I learned to code as a freshman in college, mostly by accident. I was a chemistry major who hated chemistry classes, so I switched on a whim into the introductory programming sequence. That first course felt like a homecoming. I earned my B.S., M.S., and Ph.D. without looking back. It's been nearly twenty years since then; I feel incredibly lucky that the field I fell in love with is one that affords such enormous opportunity.
My computer science training has positioned me to do so much more than "just" write code (but I still love to do that, too). I get to teach at universities. I get to visit customers and colleagues around the world and synthesize their feedback into product plans. I get to work with marketers, salespeople, engineers, executives, etc. and learn about their jobs. I get to mentor budding, enthusiastic engineers and analysts.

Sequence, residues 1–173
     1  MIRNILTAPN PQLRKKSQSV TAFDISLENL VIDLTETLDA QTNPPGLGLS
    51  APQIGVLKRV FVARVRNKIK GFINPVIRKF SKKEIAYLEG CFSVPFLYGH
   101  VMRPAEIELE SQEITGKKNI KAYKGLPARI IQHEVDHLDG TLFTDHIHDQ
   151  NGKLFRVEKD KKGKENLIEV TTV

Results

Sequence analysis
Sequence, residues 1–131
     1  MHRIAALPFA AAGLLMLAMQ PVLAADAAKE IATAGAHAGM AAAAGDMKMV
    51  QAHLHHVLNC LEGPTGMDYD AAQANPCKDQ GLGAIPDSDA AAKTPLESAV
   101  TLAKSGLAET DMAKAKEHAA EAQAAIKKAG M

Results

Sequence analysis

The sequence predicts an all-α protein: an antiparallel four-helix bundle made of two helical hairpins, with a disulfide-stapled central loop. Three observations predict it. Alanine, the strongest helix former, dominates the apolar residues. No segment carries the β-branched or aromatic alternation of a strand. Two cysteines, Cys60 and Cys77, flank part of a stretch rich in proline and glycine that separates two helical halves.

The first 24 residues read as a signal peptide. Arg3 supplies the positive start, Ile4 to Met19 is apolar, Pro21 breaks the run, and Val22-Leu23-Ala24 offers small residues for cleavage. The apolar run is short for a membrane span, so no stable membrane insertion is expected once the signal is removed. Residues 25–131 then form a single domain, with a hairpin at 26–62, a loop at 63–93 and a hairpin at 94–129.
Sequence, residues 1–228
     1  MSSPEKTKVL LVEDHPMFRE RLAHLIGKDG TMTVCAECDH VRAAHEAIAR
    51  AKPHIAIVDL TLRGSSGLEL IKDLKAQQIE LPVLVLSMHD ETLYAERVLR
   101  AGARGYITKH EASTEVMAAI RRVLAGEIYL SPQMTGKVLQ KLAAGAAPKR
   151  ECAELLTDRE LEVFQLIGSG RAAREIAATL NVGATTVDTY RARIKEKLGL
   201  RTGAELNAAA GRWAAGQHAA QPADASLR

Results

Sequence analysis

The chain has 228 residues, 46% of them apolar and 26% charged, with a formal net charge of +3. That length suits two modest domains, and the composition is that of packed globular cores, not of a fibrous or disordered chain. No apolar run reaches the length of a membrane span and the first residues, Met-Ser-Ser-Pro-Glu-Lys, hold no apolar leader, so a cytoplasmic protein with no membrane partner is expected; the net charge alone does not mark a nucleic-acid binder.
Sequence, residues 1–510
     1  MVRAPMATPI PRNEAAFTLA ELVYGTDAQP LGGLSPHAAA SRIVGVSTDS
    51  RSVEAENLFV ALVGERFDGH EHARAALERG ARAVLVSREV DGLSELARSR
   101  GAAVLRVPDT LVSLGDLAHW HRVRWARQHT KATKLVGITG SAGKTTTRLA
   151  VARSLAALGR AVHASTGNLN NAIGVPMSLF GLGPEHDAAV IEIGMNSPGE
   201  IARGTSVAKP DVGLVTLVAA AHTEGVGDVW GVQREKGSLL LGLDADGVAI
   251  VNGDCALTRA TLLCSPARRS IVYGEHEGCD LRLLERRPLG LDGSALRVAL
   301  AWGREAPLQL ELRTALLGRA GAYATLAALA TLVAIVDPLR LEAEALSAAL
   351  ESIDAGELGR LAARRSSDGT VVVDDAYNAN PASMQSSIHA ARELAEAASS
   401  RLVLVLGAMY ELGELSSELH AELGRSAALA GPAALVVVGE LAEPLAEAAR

I also get to be a role model to my three little boys. For them, it's normal for mom to discuss her workday over dinner; to have opinions about tech; to state and pursue career ambitions. I can point to my work and tell them, "Mama built that." I hope and expect that they'll be genuinely bewildered when they first encounter the "women aren't good at tech" trope. The flexibility of tech jobs also means that I can be with my kids when I want or need to be, without fear of losing my job or suffering financially.
I discovered computing accidentally. I'm glad that there are more on-ramps into the tech world nowadays, especially for people who might not otherwise find or follow a technical path. Coding opens up opportunities; I look forward to the day when those opportunities are available to everyone who wants to take advantage of them.
- Julie Letchner